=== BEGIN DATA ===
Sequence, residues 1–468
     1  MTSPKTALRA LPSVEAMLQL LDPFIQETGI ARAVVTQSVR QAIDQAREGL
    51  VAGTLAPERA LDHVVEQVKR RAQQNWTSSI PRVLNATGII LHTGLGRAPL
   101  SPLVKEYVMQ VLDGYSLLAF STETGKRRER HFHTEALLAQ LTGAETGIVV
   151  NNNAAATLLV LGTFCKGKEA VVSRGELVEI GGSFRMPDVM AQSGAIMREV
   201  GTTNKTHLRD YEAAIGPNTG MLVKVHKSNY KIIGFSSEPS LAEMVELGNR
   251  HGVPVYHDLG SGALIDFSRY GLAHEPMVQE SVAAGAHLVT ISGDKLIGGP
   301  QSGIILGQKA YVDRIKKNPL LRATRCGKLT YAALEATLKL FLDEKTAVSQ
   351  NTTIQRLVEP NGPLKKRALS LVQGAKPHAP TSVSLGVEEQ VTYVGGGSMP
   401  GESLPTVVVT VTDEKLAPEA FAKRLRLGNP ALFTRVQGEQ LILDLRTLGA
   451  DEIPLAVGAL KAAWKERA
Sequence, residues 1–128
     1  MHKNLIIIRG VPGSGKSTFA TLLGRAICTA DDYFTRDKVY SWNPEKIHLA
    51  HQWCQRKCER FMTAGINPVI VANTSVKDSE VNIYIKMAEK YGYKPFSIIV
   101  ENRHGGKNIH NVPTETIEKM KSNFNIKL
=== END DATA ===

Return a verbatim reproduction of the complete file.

Sequence, residues 1–468
     1  MTSPKTALRA LPSVEAMLQL LDPFIQETGI ARAVVTQSVR QAIDQAREGL
    51  VAGTLAPERA LDHVVEQVKR RAQQNWTSSI PRVLNATGII LHTGLGRAPL
   101  SPLVKEYVMQ VLDGYSLLAF STETGKRRER HFHTEALLAQ LTGAETGIVV
   151  NNNAAATLLV LGTFCKGKEA VVSRGELVEI GGSFRMPDVM AQSGAIMREV
   201  GTTNKTHLRD YEAAIGPNTG MLVKVHKSNY KIIGFSSEPS LAEMVELGNR
   251  HGVPVYHDLG SGALIDFSRY GLAHEPMVQE SVAAGAHLVT ISGDKLIGGP
   301  QSGIILGQKA YVDRIKKNPL LRATRCGKLT YAALEATLKL FLDEKTAVSQ
   351  NTTIQRLVEP NGPLKKRALS LVQGAKPHAP TSVSLGVEEQ VTYVGGGSMP
   401  GESLPTVVVT VTDEKLAPEA FAKRLRLGNP ALFTRVQGEQ LILDLRTLGA
   451  DEIPLAVGAL KAAWKERA
Sequence, residues 1–128
     1  MHKNLIIIRG VPGSGKSTFA TLLGRAICTA DDYFTRDKVY SWNPEKIHLA
    51  HQWCQRKCER FMTAGINPVI VANTSVKDSE VNIYIKMAEK YGYKPFSIIV
   101  ENRHGGKNIH NVPTETIEKM KSNFNIKL